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  1. #1
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    Holes in Gary Fisher Fisher Ferrous

    I purchased a used Gary Fisher Ferrous frame on eBay. Its made of ox platinum steel tubing and has an eccentric bottom bracket. I brought the frame to a shop to be media blasted and powder coated. The results after the media blasting were disappointing. There are several small holes in the seat tube because of rust/rot. Is the bike safe to ride? Biggest hole is 4mm.

    Besides welding in a new seat tube is there anything I can do. One guy at the bike shop recommended sawing off the end of a seat post and jamming it down to the bottom bracket for added strength. Others have told me it is ok to ride because its high strength steel.

    Opinions/suggestions?
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  2. #2
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    Mg,

    The best solution would be to cut out the lower half of the seat tube, just above the water bottle bolts. A new piece can be fashioned to fit in, an internal sleeve pressed inside to bridge the joint, secured in place by circumferentially welding the joint and bullet welding the superior/inferior aspects. Once completed, it should produce an invisible repair, prolonging the life of the frame.

    The fact that your frame is already stripped and blasted will expedite the process. A ball park price for such work should be around 180 dollars.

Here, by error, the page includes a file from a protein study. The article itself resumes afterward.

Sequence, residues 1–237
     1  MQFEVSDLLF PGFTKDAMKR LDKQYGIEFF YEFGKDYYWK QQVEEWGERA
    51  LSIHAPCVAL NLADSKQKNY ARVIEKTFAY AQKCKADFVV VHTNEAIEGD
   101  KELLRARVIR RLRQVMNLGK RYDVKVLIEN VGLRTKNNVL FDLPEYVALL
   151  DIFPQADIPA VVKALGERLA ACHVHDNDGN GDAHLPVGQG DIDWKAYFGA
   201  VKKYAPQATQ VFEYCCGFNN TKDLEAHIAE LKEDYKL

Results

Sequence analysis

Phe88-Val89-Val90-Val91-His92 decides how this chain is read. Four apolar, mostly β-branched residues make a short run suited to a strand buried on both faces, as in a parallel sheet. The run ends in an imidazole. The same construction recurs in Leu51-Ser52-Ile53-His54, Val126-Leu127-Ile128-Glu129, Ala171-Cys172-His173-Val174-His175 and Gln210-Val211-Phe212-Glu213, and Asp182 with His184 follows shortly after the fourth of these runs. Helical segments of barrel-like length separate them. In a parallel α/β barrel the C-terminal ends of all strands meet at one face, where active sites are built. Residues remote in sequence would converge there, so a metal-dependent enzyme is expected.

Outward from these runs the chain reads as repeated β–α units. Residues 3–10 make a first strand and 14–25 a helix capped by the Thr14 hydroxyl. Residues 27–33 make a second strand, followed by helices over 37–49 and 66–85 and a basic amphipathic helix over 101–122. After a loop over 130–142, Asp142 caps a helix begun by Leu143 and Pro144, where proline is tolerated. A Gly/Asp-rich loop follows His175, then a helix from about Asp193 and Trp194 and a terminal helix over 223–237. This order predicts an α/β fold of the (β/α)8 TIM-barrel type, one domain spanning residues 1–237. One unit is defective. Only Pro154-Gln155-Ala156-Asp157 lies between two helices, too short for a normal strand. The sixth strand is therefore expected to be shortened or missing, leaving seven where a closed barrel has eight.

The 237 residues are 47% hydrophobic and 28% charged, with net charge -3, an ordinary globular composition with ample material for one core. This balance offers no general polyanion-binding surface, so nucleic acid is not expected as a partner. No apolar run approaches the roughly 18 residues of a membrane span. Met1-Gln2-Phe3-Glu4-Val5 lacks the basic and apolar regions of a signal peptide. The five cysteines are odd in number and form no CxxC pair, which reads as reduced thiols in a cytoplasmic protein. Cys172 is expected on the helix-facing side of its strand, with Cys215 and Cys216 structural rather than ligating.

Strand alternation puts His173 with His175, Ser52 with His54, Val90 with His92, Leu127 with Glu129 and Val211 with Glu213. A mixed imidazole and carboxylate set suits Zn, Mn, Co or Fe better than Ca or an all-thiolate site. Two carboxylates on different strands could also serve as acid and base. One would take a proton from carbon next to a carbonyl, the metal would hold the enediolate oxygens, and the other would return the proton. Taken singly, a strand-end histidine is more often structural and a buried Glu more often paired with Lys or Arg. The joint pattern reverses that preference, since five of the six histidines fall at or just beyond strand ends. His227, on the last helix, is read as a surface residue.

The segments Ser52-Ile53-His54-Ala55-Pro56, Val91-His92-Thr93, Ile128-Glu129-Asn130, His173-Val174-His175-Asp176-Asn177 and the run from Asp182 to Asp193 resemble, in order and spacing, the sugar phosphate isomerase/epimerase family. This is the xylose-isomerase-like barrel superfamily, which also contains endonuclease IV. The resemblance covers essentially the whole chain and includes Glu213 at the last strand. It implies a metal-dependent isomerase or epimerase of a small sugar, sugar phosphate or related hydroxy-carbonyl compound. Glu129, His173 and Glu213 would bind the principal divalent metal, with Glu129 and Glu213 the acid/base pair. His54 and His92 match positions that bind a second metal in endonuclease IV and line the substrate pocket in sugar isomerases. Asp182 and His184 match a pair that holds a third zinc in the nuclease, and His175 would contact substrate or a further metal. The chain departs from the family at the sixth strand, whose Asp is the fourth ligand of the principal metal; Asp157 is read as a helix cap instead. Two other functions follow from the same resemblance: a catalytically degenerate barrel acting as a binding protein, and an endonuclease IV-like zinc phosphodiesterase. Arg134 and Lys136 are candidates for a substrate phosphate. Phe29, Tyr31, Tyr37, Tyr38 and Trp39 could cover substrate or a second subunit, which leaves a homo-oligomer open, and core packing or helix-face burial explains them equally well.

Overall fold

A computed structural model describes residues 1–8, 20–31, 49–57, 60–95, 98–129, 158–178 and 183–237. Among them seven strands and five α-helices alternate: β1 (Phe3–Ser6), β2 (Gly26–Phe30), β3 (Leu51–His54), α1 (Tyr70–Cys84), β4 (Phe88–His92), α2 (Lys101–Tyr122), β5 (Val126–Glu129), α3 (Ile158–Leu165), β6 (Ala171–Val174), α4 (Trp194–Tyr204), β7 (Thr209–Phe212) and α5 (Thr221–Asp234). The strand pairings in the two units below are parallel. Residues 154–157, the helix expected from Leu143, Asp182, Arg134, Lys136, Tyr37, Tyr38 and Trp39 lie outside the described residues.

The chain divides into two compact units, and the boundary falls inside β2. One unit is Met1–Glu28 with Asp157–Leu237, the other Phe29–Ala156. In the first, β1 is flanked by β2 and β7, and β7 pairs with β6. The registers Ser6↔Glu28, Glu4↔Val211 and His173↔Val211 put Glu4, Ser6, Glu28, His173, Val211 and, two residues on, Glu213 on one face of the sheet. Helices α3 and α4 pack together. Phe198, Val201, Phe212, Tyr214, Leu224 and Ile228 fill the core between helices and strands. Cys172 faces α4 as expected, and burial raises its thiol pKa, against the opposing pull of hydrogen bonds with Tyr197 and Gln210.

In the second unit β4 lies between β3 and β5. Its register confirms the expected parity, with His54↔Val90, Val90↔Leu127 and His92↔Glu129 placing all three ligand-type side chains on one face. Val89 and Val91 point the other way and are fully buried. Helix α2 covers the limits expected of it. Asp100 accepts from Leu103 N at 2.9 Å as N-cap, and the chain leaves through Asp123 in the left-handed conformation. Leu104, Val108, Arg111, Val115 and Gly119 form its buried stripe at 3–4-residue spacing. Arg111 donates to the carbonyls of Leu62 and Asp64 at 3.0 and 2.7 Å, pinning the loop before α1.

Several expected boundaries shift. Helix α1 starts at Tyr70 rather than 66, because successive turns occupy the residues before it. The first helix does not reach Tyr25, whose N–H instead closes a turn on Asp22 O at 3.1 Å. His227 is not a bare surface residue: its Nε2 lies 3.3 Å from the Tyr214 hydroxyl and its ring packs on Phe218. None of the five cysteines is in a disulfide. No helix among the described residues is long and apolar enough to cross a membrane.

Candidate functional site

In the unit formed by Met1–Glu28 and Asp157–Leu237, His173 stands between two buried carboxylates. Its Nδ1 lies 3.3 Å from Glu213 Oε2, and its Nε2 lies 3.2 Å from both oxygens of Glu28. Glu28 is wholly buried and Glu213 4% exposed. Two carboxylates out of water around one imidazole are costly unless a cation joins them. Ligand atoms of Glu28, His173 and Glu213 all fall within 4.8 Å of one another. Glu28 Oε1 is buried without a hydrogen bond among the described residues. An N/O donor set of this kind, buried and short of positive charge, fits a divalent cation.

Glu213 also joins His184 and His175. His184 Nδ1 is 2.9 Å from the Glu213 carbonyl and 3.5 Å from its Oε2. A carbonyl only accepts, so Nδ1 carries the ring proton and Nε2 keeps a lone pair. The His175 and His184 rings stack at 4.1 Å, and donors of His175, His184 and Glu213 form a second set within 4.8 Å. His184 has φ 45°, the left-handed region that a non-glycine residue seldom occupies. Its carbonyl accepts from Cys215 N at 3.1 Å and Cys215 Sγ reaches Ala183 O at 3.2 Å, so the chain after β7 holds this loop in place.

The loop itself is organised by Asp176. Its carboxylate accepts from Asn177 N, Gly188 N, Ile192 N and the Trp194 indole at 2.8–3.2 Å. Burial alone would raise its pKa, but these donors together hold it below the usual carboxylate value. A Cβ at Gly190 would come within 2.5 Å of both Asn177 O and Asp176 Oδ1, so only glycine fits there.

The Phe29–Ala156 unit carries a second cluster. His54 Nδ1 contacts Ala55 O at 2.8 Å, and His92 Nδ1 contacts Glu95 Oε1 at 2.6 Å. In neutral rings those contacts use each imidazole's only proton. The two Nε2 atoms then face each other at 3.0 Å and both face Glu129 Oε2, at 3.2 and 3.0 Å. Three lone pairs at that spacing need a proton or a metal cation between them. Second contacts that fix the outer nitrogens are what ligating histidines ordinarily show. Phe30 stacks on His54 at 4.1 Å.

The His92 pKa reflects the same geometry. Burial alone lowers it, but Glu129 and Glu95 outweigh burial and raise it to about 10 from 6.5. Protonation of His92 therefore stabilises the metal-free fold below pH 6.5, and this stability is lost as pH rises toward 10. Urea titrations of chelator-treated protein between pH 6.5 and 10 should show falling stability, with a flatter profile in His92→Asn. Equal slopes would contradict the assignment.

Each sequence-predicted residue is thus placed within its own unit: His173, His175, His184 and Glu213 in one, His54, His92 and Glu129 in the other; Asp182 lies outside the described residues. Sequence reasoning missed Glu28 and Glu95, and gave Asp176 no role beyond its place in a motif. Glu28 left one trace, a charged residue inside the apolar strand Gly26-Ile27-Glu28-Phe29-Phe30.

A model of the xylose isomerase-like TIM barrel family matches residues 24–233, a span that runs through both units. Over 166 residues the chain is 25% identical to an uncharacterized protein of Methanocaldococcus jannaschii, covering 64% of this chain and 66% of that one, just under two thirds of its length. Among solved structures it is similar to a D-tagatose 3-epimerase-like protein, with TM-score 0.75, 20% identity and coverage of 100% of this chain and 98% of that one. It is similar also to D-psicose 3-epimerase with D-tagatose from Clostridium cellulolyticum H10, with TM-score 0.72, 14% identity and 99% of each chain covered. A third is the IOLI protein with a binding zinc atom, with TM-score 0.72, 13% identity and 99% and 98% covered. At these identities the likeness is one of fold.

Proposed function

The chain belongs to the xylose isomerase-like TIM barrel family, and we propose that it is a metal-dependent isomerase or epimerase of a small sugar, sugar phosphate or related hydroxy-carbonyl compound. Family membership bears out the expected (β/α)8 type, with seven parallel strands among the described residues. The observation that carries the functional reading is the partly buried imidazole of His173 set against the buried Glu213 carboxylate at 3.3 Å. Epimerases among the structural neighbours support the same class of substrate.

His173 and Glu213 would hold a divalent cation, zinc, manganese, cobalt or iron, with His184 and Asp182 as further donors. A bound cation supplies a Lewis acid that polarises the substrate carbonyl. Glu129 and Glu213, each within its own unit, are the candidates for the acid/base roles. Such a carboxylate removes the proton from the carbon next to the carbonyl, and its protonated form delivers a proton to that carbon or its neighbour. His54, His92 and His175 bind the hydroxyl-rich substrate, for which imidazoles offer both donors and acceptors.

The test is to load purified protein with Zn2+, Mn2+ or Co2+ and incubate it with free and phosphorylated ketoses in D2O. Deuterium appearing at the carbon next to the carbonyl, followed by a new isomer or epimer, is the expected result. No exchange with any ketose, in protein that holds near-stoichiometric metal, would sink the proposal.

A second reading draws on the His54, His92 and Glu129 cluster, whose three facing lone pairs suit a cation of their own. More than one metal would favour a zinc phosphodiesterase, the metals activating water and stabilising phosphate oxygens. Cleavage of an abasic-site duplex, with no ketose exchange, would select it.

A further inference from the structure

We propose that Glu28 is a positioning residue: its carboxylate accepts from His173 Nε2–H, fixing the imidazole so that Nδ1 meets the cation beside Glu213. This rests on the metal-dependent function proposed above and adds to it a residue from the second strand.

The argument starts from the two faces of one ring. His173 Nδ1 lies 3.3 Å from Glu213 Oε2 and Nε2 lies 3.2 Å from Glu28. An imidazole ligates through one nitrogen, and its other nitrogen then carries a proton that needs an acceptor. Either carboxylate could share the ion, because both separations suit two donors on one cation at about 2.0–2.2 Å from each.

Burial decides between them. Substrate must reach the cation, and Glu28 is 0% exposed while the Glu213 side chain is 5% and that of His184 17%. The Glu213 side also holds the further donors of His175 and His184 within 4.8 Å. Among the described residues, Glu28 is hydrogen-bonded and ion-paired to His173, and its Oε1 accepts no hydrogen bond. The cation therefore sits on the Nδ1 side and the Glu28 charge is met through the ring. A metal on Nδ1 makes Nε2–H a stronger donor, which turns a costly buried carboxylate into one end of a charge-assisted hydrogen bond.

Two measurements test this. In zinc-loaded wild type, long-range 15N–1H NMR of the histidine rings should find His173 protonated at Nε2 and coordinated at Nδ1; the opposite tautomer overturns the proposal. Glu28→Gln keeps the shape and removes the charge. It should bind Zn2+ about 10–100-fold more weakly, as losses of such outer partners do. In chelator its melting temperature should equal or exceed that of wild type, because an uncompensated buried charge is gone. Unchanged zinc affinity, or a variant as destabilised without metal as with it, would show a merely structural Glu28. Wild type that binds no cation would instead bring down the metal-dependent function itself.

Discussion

cheers,

    rody
    As requested by the MTBR gods, I am the voice of Groovy Cycleworks, check it out... http://www.groovycycleworks.com

  3. #3
    Nemophilist
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    Hey;

    I would VERY carefully inspect the inside of the seat tube visually. If you had a boroscope or video inspection probe, that would be helpful. Rusting from the inside out means you have at least 50% more corrosion on the inside as is visible outside, with other spots likely ready to bust through at any moment. Make sure any sectioning of the tube takes that into consideration. You obviously want to remove all the rot with this procedure, and you might want to consider some sort of remediation of any surface rust elsewhere inside this tube.

    Frankly, I'd be a bit concerned with the rest of the tubes. I'm not sure an old frame is worth all that effort, frankly... unless it was had some sort of provenance.
    Most people ply the Well Trodden Path. A few seek a different way, and leave a Trail behind.
    - John Hajny, a.k.a. TrailMaker

  4. #4
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    Thanks for the replies

    Frame is a 2008 and was only $150. I can't justify spending another $200 to replace the tube. Might be forced to buy a bike directs aluminum special.


    Do you think jamming a modified carbon seatpost covered in some type of adhesive would strenghten the tube?

  5. #5